Renault F1 Team

Race drivers
7. Fernando Alonso
8. Nelson Piquet Jnr.
Test drivers
Romain Grosjean

Toyota Racing

Race drivers
9. Jarno Trulli
10. Timo Glock
Test drivers
Kamui Kobayashi

Scuderia Toro Rosso

Race drivers
11. Sebastien Bourdais
12. Sebastien Buemi
Test drivers
Brendon Hartley

Red Bull Racing

Race drivers
14. Mark Webber
15. Sebastian Vettel
Test drivers
Brendon Hartley

Williams

Race drivers
16. Nico Rosberg
17. Kazuki Nakajima
Test drivers
Nico Hülkenberg

Force India F1 Team

Race drivers
18. Adrian Sutil
19. Giancarlo Fisichella
Test drivers
Vitantonio Liuzzi

Brawn GP

Race drivers
20. Jenson Button
21. Rubens Barrichello
Test drivers
TBC

Rules, rules and more rules 

Sporting

Drivers can only use eight engines during the (17-race) season. If they have to use a ninth engine they will have a ten-pace grid penalty at the first race where they use it, and further similar penalties will follow if additional engines are used.

The pit lane speed limit in qualifying and the race has been raised from 80kph (49.7mph) to 100kph (62.1mph).

All teams must declare the starting weights of their cars within two hours of qualifying finishing.

If a race starts behind the safety car, drivers must start the race on wet weather tyres.

The rules on what a team can do to a car which is starting the race from the pit lane have been changed – teams can now make changes to “improve driver comfort” and the driver may do a reconnaissance lap.

The rule preventing drivers from being able to pit during a safety car until permitted to do so has been scrapped.

The FIA will now appoint three stewards per race (instead of two), one of which will not have a vote. It may also appoint an advisor as it did in 2008 (Alan Donnelly).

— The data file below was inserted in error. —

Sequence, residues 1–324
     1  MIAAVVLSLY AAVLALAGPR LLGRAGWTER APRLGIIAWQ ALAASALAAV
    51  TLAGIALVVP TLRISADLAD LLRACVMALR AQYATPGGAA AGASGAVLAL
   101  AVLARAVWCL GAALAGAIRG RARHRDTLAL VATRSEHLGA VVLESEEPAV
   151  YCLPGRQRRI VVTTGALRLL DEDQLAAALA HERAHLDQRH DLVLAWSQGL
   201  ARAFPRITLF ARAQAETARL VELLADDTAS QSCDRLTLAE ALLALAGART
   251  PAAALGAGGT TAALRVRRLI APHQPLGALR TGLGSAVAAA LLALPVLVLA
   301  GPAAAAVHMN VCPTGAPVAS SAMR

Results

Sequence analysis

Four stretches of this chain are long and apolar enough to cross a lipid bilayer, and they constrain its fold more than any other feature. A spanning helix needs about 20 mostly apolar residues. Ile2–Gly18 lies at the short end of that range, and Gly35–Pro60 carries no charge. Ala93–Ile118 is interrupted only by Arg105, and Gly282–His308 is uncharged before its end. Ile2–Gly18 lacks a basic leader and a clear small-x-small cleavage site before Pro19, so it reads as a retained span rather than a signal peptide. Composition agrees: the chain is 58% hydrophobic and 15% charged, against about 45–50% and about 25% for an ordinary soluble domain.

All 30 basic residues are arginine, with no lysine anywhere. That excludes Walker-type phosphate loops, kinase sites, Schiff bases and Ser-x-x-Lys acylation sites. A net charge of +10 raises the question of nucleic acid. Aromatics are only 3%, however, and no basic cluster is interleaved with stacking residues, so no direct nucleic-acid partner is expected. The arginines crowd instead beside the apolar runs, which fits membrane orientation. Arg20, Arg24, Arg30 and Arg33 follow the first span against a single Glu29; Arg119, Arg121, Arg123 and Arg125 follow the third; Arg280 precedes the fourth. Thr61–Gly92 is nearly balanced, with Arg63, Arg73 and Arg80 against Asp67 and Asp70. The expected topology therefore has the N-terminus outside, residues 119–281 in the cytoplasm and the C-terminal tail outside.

The teams cannot do more than 15,000km of testing and may not test between the first race of the season and the last day of the year. There are two major exceptions: teams can do up to eight days of straight-line aerodynamics testing, and after the last race of the season they have three days in which they may test young drivers.

NB. Distribution of points remains the same as in 2008 (10-8-6-5-4-3-2-1) despite the FIA’s recent attempt to introduce a system where the driver with the most wins would become world champion.

Technical

Grooved tyres have been replaced by slicks. The tyres known as ‘standard wets’ last year are now called ‘intermediates’ and ‘extreme wets’ are called ‘wets’. At each race the softer of the two dry compounds available and the wet weather tyres will be marked with green rings.

Teams may use Kinetic Energy Recovery Systems (KERS) but it is not compulsory and they may run KERS and non-KERS cars at different races. KERS may give them a power boost of up to 400 kilojoules per lap which roughly equals 82bhp for 6.6 seconds, though the power could be used in different ways. If a driver abandons their cars its KERS must be switched off. KERS may be charged before the start of the race.

Engines may not exceed 18,000rpm (reduced from 19,000).

The cars’ front wings may be adjusted while the car is moving a maximum of twice per lap by a maximum of six degrees.

There are new restrictions on the aerodynamic shape of the cars: front wings may now be wider, rear wings are narrower and taller, and many of the winglets and flip-ups that used to be on the cars have been banned. Diffusers are more tightly limited in size and shape.

The cars must now have four onboard camera housings instead of two, so hopefully we should see more interested TV pictures this year!